Space Shuttle Endeavour's Toyota Tow Truck Gives CA Science Center a Lift

Toyota Tundra in Giant Lever Exhibit
The Toyota Tundra pickup truck that towed NASA's space shuttle Endeavour part of the way to the California Science Center (CSC) in October 2012 is now part of the center's Giant Lever exhibit. (Image credit: CSC/David Knight via

The pickup truck that helped to tow a retired space shuttle to its museum display last year is now part of an interactive exhibit designed to demonstrate how to pick up large things.

The California Science Center in Los Angeles, which now displays the space shuttle Endeavour, debuted its newly-upgraded "Giant Lever" exhibit Friday morning (May 31), featuring the silver Toyota Tundra pickup truck that helped deliver the massive orbiter to the museum last October.

The Giant Lever, which since 2003 has been exhibited in the science center's parking lot, invites visitors — and in particular, children — to use a tremendous purple lever to hoist a 6,645-lb (3,014 kilograms) truck into the air as a demonstration of the physics of leverage. The Giant Lever previously lifted an earlier model Toyota Tundra. [Photos: Shuttle Endeavour's California Sightseeing Tour]

Friday's unveiling wasn't the only "pickup" however, for the science center: Toyota Motor Sales, USA also presented the museum with a check for $401,300, the amount raised during a "tweet drive" leading up to the Tundra's towing of Endeavour. The donated funds are expected to go toward the building of the shuttle's permanent home, the planned Samuel Oschin Air & Space Center, where Endeavour will be displayed vertically, mated with rocket boosters and an external fuel tank, as it looked when on the launch pad.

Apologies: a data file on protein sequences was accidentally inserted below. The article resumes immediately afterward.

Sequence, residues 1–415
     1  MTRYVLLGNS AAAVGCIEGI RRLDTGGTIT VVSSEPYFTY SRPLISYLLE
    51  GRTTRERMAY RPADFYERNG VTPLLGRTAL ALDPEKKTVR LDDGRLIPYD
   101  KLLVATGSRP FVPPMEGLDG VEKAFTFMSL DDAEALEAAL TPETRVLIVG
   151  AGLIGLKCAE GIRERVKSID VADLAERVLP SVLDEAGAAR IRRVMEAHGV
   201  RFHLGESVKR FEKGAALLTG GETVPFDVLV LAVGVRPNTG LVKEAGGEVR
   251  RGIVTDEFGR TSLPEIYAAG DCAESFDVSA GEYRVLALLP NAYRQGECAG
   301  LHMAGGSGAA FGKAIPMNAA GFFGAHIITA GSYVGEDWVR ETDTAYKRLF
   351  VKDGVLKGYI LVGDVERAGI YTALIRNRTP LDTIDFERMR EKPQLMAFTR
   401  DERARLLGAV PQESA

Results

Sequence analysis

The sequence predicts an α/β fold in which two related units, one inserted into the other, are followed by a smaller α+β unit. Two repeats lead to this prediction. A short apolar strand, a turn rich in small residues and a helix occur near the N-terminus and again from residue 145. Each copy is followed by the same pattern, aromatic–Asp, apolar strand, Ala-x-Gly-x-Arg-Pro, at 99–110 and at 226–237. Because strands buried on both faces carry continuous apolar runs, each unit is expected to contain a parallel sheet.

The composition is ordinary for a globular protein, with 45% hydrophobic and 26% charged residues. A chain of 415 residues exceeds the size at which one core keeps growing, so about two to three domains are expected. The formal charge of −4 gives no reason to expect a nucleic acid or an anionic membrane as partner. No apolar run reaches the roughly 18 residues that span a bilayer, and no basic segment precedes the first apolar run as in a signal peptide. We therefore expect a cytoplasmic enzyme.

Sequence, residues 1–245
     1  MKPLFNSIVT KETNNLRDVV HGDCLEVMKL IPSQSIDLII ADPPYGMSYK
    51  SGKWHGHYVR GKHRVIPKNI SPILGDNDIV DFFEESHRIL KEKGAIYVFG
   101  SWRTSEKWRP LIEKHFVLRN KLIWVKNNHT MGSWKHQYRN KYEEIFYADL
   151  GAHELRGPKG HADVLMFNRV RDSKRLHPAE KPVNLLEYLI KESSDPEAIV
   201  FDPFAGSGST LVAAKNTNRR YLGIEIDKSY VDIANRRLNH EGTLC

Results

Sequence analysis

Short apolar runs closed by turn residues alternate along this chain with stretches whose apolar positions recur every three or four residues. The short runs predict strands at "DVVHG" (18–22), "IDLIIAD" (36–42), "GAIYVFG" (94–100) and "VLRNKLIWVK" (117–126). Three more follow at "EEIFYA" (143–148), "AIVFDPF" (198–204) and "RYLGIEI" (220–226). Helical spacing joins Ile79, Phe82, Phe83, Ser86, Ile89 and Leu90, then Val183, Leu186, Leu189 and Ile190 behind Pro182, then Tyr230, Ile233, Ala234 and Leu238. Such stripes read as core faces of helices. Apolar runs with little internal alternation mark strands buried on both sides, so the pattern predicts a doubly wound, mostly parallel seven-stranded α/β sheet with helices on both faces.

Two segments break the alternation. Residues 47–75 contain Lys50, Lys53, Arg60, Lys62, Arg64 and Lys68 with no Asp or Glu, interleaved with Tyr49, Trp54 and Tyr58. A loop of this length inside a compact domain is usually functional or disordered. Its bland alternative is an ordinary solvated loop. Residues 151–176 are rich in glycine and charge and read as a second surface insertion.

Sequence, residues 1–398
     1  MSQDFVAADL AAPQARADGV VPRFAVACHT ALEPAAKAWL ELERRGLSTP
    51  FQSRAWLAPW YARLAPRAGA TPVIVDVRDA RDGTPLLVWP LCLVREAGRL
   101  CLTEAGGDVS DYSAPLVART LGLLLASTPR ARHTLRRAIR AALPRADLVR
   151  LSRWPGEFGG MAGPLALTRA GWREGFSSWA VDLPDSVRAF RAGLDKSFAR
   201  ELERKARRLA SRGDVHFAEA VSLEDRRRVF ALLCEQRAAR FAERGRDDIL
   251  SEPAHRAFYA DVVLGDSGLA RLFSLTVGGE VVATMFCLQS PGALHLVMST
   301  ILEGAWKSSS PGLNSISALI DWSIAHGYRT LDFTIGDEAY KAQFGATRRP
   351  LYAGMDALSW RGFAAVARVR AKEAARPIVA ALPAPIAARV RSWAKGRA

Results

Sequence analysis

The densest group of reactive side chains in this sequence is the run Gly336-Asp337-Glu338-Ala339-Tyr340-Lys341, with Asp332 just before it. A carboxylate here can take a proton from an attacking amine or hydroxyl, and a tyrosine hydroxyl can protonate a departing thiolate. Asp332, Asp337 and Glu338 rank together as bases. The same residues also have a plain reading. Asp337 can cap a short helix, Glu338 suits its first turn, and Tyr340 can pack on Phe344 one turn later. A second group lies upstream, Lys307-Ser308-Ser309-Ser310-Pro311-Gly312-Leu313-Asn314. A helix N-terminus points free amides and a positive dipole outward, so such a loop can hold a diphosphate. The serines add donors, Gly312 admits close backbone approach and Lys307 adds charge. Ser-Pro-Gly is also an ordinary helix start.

Tow truck

NASA retired the space shuttle Endeavour two years ago following its 25th and final flight into space, which ended with an early-morning landing on June 1, 2011. More than a year later, after making the orbiter safe to be displayed, the space agency ferried the vehicle to Los Angeles atop a modified Boeing 747 jumbo jet.

Endeavour's 68-hour, 12-mile road tripfrom Los Angeles International Airport (LAX) to the California Science Center in October 2012 was mostly accomplished atop a NASA overland transporter powered by four computer-controlled vehicles. However, there was a short, but pivotal, stretch of the journey where the transporters could not be used.

"One of the biggest [challenges] was crossing a bridge over the 405 interstate," Frank Dominy, a project engineer with the Sarens heavy lifting and transport company, told Air&Space magazine. "California doesn't allow the type of equipment we use, so we had to move the shuttle over to different equipment just to cross the bridge."

"That's where Toyota filmed a commercial — they towed [Endeavour] across with their pickup truck," Dominy said.

Toyota, which prior to the tow extensively tested its truck to make sure that it was up to the job, used a stock 2012 Tundra CrewMax half-ton pickup, identical to the model it was selling at its dealerships. No additional modifications were made to increase the Tundra's towing capacity or to generate more power, company officials said.